High-performance data centers have been aggressively moving
toward parallel technologies like clustered computing and multi-core
processors. While this increased use of parallelism
overcomes the vast majority of computational bottlenecks, it shifts the
performance bottlenecks to the storage I/O system. To ensure that compute
clusters deliver the maximum performance, storage systems must be
optimized for parallelism. Legacy Network Attached Storage (NAS)
architectures based on NFS v4.0 and earlier have serious performance
bottlenecks and management challenges when implemented in conjunction
with large scale, high performance compute clusters.
A consortium of storage industry technology leaders created
a parallel NFS (pNFS) protocol as an optional extension of the NFS v4.1
standard. pNFS takes a different approach by allowing compute clients to read and write directly to the
storage, eliminating filer head bottlenecks and allowing single file
system capacity and performance to scale linearly.
In order to understand how pNFS works it is first necessary
to understand what takes place in a typical NFS architecture when a
client attempts to access a file. A traditional NFS architecture consists
of a filer head placed in front of disk drives and exporting a file
system via NFS. When large numbers of clients want to access the data, or
if the data set grows too large, the NFS server quickly becomes the
bottleneck and significantly impacts system performance because the NFS
server sits in the data path between the client computer and the physical
pNFS removes the performance bottleneck in traditional NAS
systems by allowing the compute clients to read and write data directly
and in parallel, to and from the physical storage devices. The NFS server
is used only to control metadata and coordinate access, allowing incredibly
fast access to very large data sets from many clients.
When a client wants to access a file it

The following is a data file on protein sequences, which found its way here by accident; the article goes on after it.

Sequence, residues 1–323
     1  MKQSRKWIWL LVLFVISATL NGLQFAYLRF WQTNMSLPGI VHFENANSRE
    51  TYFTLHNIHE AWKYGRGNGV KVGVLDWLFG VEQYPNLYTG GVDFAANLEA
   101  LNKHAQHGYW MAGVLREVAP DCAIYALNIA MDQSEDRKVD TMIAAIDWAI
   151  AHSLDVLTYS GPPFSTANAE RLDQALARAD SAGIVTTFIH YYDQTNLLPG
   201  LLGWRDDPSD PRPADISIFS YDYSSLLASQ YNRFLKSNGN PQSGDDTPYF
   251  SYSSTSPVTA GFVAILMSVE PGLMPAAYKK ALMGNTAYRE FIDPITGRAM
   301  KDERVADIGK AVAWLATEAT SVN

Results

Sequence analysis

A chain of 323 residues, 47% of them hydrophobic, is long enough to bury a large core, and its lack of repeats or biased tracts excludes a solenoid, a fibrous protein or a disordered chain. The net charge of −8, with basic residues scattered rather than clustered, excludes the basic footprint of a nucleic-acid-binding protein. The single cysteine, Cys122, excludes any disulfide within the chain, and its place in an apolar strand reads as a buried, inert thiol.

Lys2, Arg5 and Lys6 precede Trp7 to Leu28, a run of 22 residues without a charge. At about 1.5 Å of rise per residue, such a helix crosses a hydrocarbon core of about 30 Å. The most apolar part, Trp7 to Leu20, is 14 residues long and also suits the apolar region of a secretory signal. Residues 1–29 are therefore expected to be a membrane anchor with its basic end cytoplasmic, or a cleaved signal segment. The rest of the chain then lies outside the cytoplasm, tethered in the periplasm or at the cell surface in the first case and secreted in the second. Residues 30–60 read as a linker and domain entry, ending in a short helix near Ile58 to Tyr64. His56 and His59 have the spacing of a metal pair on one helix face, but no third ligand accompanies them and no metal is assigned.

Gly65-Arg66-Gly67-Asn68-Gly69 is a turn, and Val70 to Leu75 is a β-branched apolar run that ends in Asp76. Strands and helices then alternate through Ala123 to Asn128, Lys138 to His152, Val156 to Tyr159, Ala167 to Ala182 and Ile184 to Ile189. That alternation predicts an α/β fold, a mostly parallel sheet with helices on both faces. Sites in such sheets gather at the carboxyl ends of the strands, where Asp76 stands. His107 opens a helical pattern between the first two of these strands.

first queries the metadata server which provides it with a map of where
to find the data and with credentials regarding its rights to read,
modify, and write the data. Once the client has those two components, it
communicates directly to the storage devices when accessing the data.
With traditional NFS every bit of data flows through the NFS server –
with pNFS the NFS server is removed from the primary data path allowing
free and fast access to data. All the advantages of NFS are maintained
but bottlenecks are removed and data can be accessed in parallel allowing
for very fast throughput rates; system capacity can be easily scaled
without impacting overall performance.
Why is pNFS important?
pNFS is important because it brings together the benefits of
parallel I/O with the benefits of the ubiquitous standard for network
file systems (NFS). This will allow users to experience increased
performance and scalability in their storage infrastructure with the
added assurance that their investment is safe and their ability to choose
best-of-breed solutions remains intact.
NFS is THE communications protocol standard when it comes to
network file systems. It is widely used in both HPC and Enterprise
markets today. The pNFS standard is appealing to both vendors and
customers alike. It allows HPC-centric storage vendors such as Panasas to
deliver the advantages previously delivered only via proprietary protocols
into the NFS markets. It allows Enterprise-focused storage vendors to
penetrate the HPC market more deeply. So for vendors it broadens their
markets. For customers, it means more options and competition for their
business. It also allows customers to simplify their IT environments by
standardizing on pNFS as their standard NAS protocol.
Benefits of Parellel I/O
- Delivers very high application performance
- Allows for massive scalability without diminished performance
- Take advantage of available bandwidth
- Increase streams to parallel storage using more than one client
- Growing clusters with ability to perform larger calculations
NFSv4 Working group RFCs for pNFS
The NFS4.1 standard document is large
because it includes a complete description of all of NFSv4 as well as the
new 4.1 features. There are two companion documents that describe the
object layout and block layout for pNFS storage.
- RFC 5661 - describes NFS version 4 minor version 1, including features retained from the base protocol and protocol extensions made subsequently.
- RFC 5662 - contains the machine readable XDR definitions for the protocol.
- RFC 5663 - provides a specification of a block based layout type definition to be used with the NFSv4.1 protocol. As such, this is a companion specification to NFS version 4 Minor Version 1.
- RFC 5664- provides a specification of an object based layout type definition to be used with the NFSv4.1 protocol. As such, this is a companion specification to NFS version 4 Minor Version 1.
Download Source Code for pNFS